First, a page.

I am not a small person. The older I get, the more I accept the unchangeable fact of my 5’10" frame and its unwavering 155 pounds. My body is a pear-shaped legacy from my mother’s side of the family. And while I’m an inch or two and a few pounds shy of being described as Amazonian, I haven’t slipped into a single-digit dress size since I was fifteen.
So, imagine my initial delight when, while shopping for a dress to wear to a wedding, I was swimming in size tens. I traded in the tens for eights that were still too big. It didn’t seem possible that I was a size six, but I pulled some size-six dresses off the rack and prepared for zipper battles. Instead, I fit neatly in the dresses, just the way I’d normally fit into a ten. I braved a look at myself in the mirror under those horrid fluorescent lights; surely if I’d dropped two dress sizes, I would notice it in the leanness of my thighs and the flatness of my belly. But I looked exactly as I always have.
Part of me wanted to do a little squealing and clapping, but my dominant skepticism put down such naive and girlish notions. Something was afoot—I could feel it.
Vanity sizing is when individual retailers make their own determinations about what combination of measurements determines a specific size. Some argue that this practice happens because American women are more obsessed with size than ever. And the fashion industry, obligingly and with creative fluidity, has invented a lawless nonsystem in which a size eight becomes a size two, or only sizes zero through three are offered, or other such tactics.
The Civil War necessitated the swift tailoring of uniforms for hundreds of thousands of soldiers, thereby establishing a standard of sizes for men, which has since informed all systems of measurement for the male physique. But while men have the Civil War to thank for establishing standardized sizing charts, women had to wait seventy years until they were at the mercy of the mail-order business, which took off in the 1940s. It wasn’t until the demand for ready-to-wear garments and the convenience of mail-ordering them increased that anyone thought to standardize women’s sizes based on average measurements. Even then, that effort came out of the gate ripe with subjectivity. It wasn’t long before clothiers were calling their own shots as to what size went with what combination of bust-waist-hips measurements.
That was the last time anyone attempted to create size standards for women’s clothing; suffice to say, women have changed a lot in size and shape since the 1940s, as have our attitudes about our size and shape. Hence, vanity sizing has become an institution of sorts.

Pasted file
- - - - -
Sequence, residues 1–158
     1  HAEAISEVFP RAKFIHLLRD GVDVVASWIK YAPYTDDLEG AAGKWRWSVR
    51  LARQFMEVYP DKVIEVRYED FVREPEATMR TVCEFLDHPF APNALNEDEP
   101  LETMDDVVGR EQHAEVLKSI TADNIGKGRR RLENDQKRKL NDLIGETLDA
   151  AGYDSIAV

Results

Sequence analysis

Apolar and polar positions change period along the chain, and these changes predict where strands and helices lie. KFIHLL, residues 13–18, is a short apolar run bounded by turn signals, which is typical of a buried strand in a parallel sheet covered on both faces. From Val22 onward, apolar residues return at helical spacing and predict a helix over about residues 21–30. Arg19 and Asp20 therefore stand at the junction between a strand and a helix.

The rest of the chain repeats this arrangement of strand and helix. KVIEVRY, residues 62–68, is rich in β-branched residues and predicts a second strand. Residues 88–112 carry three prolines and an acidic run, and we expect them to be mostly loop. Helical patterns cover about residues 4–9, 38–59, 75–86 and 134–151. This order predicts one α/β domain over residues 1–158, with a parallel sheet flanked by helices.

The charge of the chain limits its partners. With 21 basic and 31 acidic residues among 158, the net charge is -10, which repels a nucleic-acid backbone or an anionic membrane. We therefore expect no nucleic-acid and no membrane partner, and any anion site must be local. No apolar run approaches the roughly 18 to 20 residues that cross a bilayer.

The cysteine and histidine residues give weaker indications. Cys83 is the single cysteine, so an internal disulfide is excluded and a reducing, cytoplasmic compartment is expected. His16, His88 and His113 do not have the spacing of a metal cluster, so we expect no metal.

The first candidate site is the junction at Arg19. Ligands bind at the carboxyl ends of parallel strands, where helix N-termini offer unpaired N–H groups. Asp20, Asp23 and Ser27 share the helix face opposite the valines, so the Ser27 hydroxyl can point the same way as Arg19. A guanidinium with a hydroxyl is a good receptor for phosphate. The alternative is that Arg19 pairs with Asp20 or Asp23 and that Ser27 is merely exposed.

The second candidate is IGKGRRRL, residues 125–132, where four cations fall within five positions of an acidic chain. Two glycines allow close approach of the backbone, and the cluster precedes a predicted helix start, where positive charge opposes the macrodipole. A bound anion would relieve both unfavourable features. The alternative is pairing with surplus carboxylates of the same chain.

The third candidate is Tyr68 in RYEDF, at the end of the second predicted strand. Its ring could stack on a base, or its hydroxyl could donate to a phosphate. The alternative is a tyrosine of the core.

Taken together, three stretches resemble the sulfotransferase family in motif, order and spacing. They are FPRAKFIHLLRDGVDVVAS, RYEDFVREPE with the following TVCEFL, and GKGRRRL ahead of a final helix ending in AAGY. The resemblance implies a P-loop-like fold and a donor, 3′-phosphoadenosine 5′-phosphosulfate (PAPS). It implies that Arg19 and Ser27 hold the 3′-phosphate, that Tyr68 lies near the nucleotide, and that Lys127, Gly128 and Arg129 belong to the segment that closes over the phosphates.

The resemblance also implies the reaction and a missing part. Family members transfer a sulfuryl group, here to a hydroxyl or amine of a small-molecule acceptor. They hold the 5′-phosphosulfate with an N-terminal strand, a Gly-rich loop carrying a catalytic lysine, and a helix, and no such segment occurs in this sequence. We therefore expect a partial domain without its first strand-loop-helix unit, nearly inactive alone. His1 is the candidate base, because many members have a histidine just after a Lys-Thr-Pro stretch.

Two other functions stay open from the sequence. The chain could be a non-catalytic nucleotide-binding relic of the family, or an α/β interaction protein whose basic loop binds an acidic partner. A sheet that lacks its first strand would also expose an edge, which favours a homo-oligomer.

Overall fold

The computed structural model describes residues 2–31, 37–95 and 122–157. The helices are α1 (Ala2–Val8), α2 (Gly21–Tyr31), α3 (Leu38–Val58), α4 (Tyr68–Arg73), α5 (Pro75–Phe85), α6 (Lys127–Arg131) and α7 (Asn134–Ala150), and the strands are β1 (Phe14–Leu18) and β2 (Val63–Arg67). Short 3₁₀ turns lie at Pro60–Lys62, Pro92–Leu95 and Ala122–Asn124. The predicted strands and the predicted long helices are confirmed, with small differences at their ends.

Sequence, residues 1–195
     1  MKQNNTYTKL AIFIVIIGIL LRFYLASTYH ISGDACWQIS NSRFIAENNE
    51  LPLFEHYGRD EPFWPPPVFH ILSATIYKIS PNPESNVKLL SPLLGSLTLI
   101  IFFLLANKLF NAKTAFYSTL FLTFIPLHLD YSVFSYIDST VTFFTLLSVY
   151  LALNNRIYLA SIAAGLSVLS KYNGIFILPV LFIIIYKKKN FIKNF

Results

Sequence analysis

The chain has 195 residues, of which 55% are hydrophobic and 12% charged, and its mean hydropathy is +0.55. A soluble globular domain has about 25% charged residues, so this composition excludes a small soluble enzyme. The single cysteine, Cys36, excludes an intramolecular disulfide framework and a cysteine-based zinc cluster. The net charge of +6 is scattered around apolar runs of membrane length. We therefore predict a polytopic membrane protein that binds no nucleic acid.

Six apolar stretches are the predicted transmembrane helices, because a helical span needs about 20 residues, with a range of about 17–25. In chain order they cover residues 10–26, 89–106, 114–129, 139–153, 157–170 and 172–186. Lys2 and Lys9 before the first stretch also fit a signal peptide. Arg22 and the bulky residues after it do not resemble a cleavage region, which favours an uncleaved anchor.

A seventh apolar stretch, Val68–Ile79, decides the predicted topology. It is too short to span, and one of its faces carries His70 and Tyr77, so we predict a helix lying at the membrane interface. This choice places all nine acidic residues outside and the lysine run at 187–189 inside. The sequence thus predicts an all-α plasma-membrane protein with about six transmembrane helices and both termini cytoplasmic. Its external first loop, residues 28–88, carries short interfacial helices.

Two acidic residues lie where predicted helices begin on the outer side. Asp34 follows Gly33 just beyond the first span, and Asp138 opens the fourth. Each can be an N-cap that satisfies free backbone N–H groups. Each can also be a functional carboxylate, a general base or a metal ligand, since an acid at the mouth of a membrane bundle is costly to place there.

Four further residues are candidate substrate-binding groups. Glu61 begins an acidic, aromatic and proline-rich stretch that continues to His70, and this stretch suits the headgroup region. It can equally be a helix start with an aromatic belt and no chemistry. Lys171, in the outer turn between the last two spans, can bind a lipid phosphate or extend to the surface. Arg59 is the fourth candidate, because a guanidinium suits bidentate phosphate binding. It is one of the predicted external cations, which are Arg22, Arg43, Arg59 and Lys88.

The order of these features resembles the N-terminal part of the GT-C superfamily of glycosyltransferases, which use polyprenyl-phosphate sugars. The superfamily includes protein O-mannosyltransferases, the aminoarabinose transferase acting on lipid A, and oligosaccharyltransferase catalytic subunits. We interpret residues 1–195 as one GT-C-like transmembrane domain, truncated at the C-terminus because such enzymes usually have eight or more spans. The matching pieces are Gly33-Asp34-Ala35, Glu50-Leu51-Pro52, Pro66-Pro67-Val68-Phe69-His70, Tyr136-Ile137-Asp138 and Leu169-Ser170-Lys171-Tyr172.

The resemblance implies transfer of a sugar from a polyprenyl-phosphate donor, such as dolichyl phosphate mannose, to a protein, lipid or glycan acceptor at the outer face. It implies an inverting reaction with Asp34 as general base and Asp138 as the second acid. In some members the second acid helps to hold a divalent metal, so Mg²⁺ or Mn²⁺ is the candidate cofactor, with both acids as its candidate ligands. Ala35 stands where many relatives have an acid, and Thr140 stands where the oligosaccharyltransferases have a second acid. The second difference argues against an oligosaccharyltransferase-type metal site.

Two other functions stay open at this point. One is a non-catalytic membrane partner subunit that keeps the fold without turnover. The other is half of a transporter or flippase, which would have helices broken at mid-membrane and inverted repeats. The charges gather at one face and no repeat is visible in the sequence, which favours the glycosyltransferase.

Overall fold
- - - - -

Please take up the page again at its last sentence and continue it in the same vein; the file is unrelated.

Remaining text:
Waists Get Thicker, Sizes Get Smaller
Whether you chalk it up to evolution or Krispy Kreme, it’s a statistical fact that people are getting larger. Yet as we thicken, the archetypes of beauty have moved in the opposite direction from the norms of the population. For example, the lovely and curvaceous Marilyn Monroe, an icon of fashion and glamour, wore a size twelve, which happened to be in the range of normal sizes for women of that time period, who were, on average, 5’2" and 129 pounds. But today’s woman is, on average, 5’4" and 142 pounds, and our venerated celebrity and fashion role models are far, far thinner. For example, Kate Moss reportedly has a body mass index (BMI) of sixteen, while the average American woman’s BMI is twenty-eight. The chasm between the expectations set by the beauty icons we see every day in magazines and on TV and the reality of the typical woman is getting wider all the time.
It’s no wonder clothing retailers are looking for ways to make us all feel slimmer. I was skeptical in the dressing room as I was fitting into size eights, but I imagine many women’s delight at finding they’d “dropped” a dress size or two would eclipse any skepticism in the matter—and given our national obsession with body image, I don’t blame them. Delight or skepticism notwithstanding, we are all more amenable to buying a dress that’s telling us, by way of an allegedly unassailable number, that we are slender and lovely.